Mon, 24 Apr 2000

City buses offer risk and entertainment

JAKARTA (JP): Most readers of The Jakarta Post might not take a chance on using the city's public buses, and the reasons might vary.

Everybody, including regular passengers, is well aware that Jakarta's public buses are regarded as one of the worst public transportation systems in the world.

Hazardous drivers, aging, neglected vehicles emitting black clouds of exhaust, run-down interior, pickpockets and armed robbers have become the well-known characteristics associated with buses in the capital.

These distinctions are also the reasons why some Jakartans, expatriates, tourists and ministers do not join the sweating hordes of passengers.

The outside world and many Jakartans who do not use this mode of transport will never know that these buses offer a variety of entertainment on board.

Newspaper vendors, beggars, poets, street musicians, people asking for donations for religious organizations and traders offering a variety of items are some of the entertainers.

Regular bus commuters might have come across a beggar who acts as if he is disabled and can not stand. This man, in his twenties, usually boards buses with the help of other passengers.

Once inside the bus, he crawls on his hands and knees, passing standing passengers in the aisle, begging for money: "Tolong bu, tolong pak ..." (help me, ma'am, help me, sir).

After receiving some money, the man -- again with the help of other passengers -- gets off the bus. Shortly after the bus pulls away, passengers in the rear seats who still feel sorry for the man's condition and stare after him out of the rear window, are amazed at what they see.

Some passengers chuckle, while others' faces turn red. From a distance, they see the "handicapped" man stand up and wave at them with a broad smile.

One day, The Jakarta Post witnessed several angry passengers kick this man off a bus at a station near the Istiqlal Grand Mosque.

Then there is the bus singer. This chubby man begs on buses with the help of his guitar. He seems like a normal singer in the beginning as he sings local pop songs. But in the middle of the song, he begins to make almost the entire audience of passengers, except those who know his trick, grin when his voice fails to reach the high notes of the tune.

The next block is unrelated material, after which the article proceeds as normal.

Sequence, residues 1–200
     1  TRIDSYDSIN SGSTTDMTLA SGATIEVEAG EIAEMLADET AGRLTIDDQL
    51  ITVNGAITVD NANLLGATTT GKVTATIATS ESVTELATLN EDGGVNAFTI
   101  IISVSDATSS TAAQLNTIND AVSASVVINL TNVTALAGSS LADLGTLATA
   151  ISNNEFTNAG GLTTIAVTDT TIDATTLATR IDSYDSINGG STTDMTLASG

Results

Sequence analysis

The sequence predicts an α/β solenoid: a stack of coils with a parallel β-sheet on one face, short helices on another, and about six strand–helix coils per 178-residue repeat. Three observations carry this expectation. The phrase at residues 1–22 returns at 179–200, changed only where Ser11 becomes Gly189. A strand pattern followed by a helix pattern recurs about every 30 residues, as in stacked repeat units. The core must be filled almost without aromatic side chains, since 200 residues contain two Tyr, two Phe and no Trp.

As if he is a serious learner, he repeats the song from the beginning at least three times even though he is still out of tune. Finally he says amid the chuckles of passengers: "Well, you can see that I've tried my best but my voice is still off-key. Sorry about that. If you want to give me any money, please do. But I'm not forcing you to do so since I can't complete even a single song."

Most passengers, particularly the females, burst into laughter. Some look released from the stressful routine.

The man then holds out a small plastic bag, which once was a candy package, for people to drop their change in. Many times, the bag is filled with Rp 100, Rp 500 and Rp 1,000 notes.

With a broad smile, the singer thanks the passengers for their generosity and leaves the bus to jump onto another using the same ploy to win over passengers.

This man still runs his business on city buses plying different routes, including those to Jakarta's outskirts, such as Bekasi, Tangerang and Depok.

During peak morning hours on weekdays, newspaper and food vendors struggle along with the crowd offering merchandise in their own style and language. Sometimes, they yell a few outrageous words simply to attract the attention of commuters.

With several dailies displayed in his hands, one newspaper vendor shouted, "Pos Kota, Kompas, Media Indonesia ... Today's headlines, last night RSCM (Cipto Mangunkusumo General Hospital) was on fire. All patients, including some women who were about to give birth, fled in panic. At least three corpses managed to safely escape the morgue of the burning hospital."

His words stunned some morning passengers. But others giggled as they know that the newspaper seller was only joking.

"Bapak-bapak, ibu-ibu (ladies and gentlemen) ... Please kindly smile before you start the day so you will all have good luck and be able to buy my newspapers tomorrow," said another vendor before he jumped off of a bus.

If you are lucky, your trip on the buses, usually air- conditioned ones, will be complete with the entertainment of a talented group of street singers.

Passengers on the air-conditioned Patas buses plying the Tangerang-Blok M route are often entertained by the five-member Apostolos band, which always performs at several cafes and restaurants.

Unlike other regular street musicians, they perform four or five Latin songs in fine costumes and with good music equipment.

"We're glad to entertain bus passengers. Besides getting a free ride, we also get some money from generous passengers," Rico Paris, the leader of the group, told the Post recently.

The city buses are home to many other entertainers, such as poets and small traders. But some passengers, particularly those wanting to take a nap during their trip, refer to them as annoyances.

But this kind of entertainment would not be enjoyable if the bus was fully loaded so that your face was pressed against the window.

The atmosphere would be worse if the driver continued speeding or zig-zagging through traffic, although the number of passengers had reached three times its allowable limit.

Under such unfavorable conditions, your mind would focus on your wallet or purse and all your concentration would be on the moves made by the person behind you. And the passenger standing nervously in front of you would be doing the same.

The only medley that might come to you at this time would be your own heartbeat. (bsr)